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Rogers v. Quality Carriers, Inc.

United States District Court, N.D. Indiana, Hammond Division

July 11, 2017

BENJAMIN ROGERS, individually and as personal representative of THE ESTATE OF ASHLEY ROGERS, Plaintiff,
v.
QUALITY CARRIERS, INC., and KIMBERLY THIETJE, Defendants.

          OPINION AND ORDER

          RUDY LOZANO, Judge United States District Court

         This matter is before the Court on the: (1) Defendants' Motion for Summary Judgment, filed by Defendants, Quality Carriers, Inc. and Kimberly Thietje, on February 8, 2017 (DE #101); (2) Plaintiff's Motion for Partial Summary Judgment, filed by Plaintiff, Benjamin Rogers, as personal representative of the estate of Ashley Rogers, and individually, on February 28, 2017 (DE #105); (3) Motion to Exclude Opinion Testimony of Nick Tumbas, Trooper Elwood, and Dr. E. Allen Griggs, filed by Defendants, Quality Carriers, Inc. and Kimberly Thietje, on March 2, 2017 (DE #109); and (4) Belated Motion for Oral Argument Pursuant to Local Rule 7.5, filed by Defendants, Quality Carriers, Inc. and Kimberly Thietje, on June 26, 2017 (DE #124).

         For the reasons set forth below, Defendants' Motion for Summary Judgment (DE #101) is GRANTED IN PART AND DENIED IN PART. It is GRANTED as to the claims of negligent infliction of emotional distress and punitive damages, which are DISMISSED WITH PREJUDICE. It is DENIED as to causation. Plaintiff's Motion for Partial Summary Judgment (DE #105) is DENIED. The Motion to Exclude Opinion Testimony (DE #109) is DENIED. The Motion for Oral Argument (DE #124) is also DENIED.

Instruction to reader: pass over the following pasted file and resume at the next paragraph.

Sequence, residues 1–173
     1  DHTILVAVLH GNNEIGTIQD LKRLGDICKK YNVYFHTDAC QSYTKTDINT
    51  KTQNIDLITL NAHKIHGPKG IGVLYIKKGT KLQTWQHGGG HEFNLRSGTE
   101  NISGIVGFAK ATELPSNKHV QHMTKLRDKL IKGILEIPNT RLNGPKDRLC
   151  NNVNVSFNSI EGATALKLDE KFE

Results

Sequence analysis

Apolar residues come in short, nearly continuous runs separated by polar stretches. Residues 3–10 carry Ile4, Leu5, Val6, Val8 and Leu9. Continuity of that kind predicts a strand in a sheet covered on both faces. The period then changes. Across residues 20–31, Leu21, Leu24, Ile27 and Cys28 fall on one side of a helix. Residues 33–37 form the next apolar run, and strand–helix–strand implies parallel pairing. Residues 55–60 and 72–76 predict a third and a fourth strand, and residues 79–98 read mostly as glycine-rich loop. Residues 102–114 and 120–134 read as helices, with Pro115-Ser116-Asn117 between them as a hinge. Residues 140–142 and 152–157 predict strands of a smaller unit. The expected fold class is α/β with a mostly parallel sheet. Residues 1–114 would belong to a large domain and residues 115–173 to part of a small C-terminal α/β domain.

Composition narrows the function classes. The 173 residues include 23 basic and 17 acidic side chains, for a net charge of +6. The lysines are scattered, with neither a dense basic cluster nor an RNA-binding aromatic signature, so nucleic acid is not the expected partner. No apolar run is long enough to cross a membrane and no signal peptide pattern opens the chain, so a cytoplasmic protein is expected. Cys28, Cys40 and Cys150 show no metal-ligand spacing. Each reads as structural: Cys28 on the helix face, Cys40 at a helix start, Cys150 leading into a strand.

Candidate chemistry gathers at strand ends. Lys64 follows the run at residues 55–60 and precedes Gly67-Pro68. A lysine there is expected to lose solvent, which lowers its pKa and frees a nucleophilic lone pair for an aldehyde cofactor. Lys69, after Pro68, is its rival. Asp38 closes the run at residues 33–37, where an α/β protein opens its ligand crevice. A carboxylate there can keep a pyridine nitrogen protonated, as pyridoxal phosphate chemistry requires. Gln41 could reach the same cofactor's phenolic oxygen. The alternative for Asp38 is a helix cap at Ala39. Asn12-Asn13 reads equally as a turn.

BACKGROUND

         Plaintiff filed this wrongful death suit against Defendant, Quality Carriers, Inc. (“Quality Carriers”) and its employee, Kimberly Thietje (“Thietje”), in state court in 2014. Defendants removed the case to this Court on March 10, 2015. The case stems from a car crash in December 2013, on southbound I-65, which killed Ashley Rogers (“Rogers”). The Jeep driven by Rogers was struck multiple times, by multiple vehicles, including being struck by the tractor-trailer driven by Thietje. The parties have put forth different versions of how the accident occurred, and where Ashley Rogers was during the impacts.

         On February 9, 2017, Defendants filed a motion for summary judgment, arguing that Plaintiff failed to produce sufficient evidence to create a genuine issue of material fact that Thietje's wrongful act or omission was the responsible cause of Rogers' death. (DE #101.) Plaintiff filed a response in opposition on March 1, 2017 (DE #107), and Defendants filed a reply (DE #110).

         On February 28, 2017, Plaintiff filed a motion for partial summary judgment arguing no genuine issues of material fact exist so that a jury could find that Rogers was struck by an unknown non-party. (DE #105.) Defendants filed a response on March 28, 2017 (DE #112), and Plaintiff filed a reply on April 10, 2017 (DE #113).

         On March 2, 2017, Defendants filed the instant motion to exclude opinion testimony of Plaintiff's experts, Nick Tumbas, Trooper Elwood, and Dr. E. Allen Griggs. (DE #109.) Plaintiff filed an opposition on March 16, 2017. (DE #111.)

         Finally, Defendants filed a motion for oral argument on June 26, 2017. (DE #124.) Plaintiff filed a response in opposition on June 26, 2017. (DE #125).

         As such, all four motions have been fully briefed and are ripe for adjudication.

         DISCUSSION

         Motion for Oral Argument

         At the outset, the Court will address Defendants' Motion for Oral Argument as to the motion to exclude testimony and motion for summary judgment. (DE #124.) Pursuant to Local Rule 7-5., the Court may “grant or deny a request for oral argument or an evidentiary hearing in its discretion.” N.D. Ind. L.R. 7-5. (c)(1). Here, the parties' memoranda have sufficiently apprised the Court of the issues at hand, and the Court does not believe that oral argument is necessary. Therefore, the Court denies Defendants' Motion for Oral Argument (DE #124), and turns to the merits of the motions.